25. Futures • Limited selection of currencies • Specified quantities • Traded on exchanges

  26. options • Call versus put • Expiration • Volatility and risk premium • Option use as a hedging tool (proper hedging) • Option use as an income source (improper use) • Option Pricing – the Black-Scholes model • Scholes won the Nobel Prize. Was a co-founder of the LTC venture along with another Nobel Prize winner Merton and a number of other prominent economists (from the FED, Salomon Brothers…). The LTC venture was one of the largest in history financial disasters when it collapsed in 1999, losing 5 billion dollars in about 4 months. • Recent behavior by some hedge funds

  27. Risk premium = time value Option value = time value + intrinsic value Intrinsic value >0, otherwise no exercise Option value Intrinsic value Option value strike Asset price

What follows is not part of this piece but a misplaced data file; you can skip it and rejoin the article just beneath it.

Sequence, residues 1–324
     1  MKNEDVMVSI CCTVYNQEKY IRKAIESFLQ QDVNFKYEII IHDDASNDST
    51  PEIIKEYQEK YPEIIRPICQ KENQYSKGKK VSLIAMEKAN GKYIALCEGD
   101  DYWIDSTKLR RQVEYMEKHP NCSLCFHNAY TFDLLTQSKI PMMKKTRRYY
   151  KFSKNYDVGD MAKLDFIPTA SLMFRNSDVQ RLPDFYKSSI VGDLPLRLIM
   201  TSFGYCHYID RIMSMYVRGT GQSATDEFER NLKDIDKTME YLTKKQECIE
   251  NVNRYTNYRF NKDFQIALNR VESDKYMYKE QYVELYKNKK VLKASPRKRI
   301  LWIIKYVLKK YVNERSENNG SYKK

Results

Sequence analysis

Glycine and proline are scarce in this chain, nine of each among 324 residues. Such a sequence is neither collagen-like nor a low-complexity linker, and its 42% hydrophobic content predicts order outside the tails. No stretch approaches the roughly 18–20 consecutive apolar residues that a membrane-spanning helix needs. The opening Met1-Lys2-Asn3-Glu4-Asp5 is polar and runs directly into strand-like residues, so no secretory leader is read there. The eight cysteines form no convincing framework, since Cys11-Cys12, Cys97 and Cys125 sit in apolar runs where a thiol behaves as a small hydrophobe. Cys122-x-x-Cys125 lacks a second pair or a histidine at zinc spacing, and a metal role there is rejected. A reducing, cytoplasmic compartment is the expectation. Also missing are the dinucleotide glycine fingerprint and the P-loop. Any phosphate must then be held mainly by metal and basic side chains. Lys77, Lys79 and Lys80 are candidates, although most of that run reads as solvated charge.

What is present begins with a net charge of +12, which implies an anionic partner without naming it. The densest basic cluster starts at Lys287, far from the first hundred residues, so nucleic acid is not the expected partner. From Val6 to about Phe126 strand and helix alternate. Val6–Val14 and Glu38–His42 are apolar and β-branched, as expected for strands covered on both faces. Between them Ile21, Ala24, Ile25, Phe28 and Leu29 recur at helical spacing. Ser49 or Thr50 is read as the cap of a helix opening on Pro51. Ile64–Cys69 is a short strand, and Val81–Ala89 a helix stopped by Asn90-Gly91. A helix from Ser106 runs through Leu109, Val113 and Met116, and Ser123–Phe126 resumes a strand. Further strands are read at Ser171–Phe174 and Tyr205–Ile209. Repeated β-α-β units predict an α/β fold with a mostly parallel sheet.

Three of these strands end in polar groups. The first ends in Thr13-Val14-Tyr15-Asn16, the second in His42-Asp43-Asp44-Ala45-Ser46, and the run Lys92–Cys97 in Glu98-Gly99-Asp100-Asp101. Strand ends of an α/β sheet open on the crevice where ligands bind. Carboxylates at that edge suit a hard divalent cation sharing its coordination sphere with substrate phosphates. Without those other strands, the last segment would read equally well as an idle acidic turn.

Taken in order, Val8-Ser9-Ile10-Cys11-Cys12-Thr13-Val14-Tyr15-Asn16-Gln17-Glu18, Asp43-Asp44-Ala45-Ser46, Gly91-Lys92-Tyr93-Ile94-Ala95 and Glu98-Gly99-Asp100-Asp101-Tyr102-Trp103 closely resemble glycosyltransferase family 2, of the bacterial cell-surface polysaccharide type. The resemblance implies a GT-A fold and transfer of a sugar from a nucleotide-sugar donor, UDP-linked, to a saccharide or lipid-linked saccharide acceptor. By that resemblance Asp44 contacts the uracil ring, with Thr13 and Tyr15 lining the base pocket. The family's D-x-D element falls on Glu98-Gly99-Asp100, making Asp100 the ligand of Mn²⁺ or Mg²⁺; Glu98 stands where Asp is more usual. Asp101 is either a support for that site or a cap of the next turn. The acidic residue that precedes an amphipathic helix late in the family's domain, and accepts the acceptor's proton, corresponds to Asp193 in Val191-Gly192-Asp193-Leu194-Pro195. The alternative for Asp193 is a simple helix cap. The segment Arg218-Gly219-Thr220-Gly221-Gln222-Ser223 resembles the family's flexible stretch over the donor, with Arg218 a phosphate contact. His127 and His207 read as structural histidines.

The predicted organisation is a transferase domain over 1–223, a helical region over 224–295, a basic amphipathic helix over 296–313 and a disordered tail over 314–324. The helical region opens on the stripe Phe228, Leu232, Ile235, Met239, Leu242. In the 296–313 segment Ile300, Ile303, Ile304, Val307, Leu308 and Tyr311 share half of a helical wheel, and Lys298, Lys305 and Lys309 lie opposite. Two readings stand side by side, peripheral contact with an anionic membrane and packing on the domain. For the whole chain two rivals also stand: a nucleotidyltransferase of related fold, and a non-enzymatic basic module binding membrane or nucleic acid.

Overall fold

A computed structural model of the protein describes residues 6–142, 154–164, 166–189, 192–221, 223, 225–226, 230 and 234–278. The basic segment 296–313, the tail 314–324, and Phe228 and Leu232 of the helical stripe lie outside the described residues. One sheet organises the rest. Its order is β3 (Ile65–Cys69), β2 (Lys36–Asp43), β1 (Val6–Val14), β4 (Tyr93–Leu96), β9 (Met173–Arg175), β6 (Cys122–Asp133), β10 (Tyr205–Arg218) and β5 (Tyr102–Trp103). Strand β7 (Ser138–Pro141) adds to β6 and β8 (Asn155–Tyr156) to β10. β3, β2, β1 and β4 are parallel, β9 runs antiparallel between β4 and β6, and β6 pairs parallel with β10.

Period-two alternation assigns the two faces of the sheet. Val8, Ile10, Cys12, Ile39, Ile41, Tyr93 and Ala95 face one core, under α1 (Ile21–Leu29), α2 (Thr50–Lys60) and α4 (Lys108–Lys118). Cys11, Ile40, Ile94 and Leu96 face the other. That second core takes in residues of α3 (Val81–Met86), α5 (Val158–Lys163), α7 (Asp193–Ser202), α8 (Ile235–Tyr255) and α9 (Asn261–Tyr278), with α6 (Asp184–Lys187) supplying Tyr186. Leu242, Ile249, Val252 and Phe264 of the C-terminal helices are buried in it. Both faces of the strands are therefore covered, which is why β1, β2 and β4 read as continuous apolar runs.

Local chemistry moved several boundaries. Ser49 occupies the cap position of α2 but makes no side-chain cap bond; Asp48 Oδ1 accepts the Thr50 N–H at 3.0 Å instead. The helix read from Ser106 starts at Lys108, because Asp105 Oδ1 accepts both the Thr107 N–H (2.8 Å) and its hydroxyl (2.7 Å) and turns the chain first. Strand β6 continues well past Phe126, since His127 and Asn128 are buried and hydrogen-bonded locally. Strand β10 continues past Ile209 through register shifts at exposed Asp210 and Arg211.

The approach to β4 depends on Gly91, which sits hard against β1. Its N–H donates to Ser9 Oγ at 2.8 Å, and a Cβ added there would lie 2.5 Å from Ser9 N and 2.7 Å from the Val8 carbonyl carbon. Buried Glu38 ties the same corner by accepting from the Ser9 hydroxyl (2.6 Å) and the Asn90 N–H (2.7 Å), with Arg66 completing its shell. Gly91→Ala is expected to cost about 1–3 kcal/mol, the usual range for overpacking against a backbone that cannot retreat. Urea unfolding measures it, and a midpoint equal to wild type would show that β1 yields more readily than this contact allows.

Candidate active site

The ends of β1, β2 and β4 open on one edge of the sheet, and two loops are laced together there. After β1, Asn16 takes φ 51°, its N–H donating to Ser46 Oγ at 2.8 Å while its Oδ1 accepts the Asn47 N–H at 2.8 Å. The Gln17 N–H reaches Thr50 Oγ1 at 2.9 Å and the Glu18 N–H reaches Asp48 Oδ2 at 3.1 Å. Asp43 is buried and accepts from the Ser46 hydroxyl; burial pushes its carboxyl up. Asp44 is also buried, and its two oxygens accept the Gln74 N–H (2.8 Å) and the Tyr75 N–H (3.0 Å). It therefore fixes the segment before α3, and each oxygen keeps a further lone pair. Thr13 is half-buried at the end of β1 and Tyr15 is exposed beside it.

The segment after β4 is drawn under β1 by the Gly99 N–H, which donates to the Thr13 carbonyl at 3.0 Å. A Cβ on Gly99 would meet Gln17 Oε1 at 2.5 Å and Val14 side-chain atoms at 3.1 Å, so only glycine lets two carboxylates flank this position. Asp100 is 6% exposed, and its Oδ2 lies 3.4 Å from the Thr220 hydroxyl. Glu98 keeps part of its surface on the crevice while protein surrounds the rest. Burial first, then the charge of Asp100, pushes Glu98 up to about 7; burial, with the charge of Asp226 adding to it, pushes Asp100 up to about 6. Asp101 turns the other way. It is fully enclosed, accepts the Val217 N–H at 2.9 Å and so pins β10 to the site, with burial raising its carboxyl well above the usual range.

28. Characteristics of hedge funds • Unrestricted in their behavior • May assume short positions • Trade options/features • May assume leverage (the Carlyle Capital hedge fund operated at a multiple of 32 http://dealbook.blogs.nytimes.com/2008/03/14/in-carlyle-collapse-a-lesson-for-bear-stearns/the Bear group operated with a 34 times equity leverage) • Note, not all hedge funds leverage themselves, after all, hedging is a protective tool, not a speculative tool

  29. Basic option strategies • Options can be purchased or written (sold short) • Hedging – use of options for insurance purposes • Covered call (hedging) • Covered put (hedging) • Naked call (infinite risk) • Naked put (limited risk) • Spread (risk depends on the structure) • Straddle (market movement)

  30. Leveraging – the inappropriate behavior • Obtain investment • Magnify it by using it as a collateral to borrow money in a low interest rate environment (say Japan) • Magnify the funds further by issuing naked puts (possibly calls) • Use the funds to go into relatively safe investment vehicles that earn income • US Treasury bonds (short term will typically require 5 - 10% margin requirement only)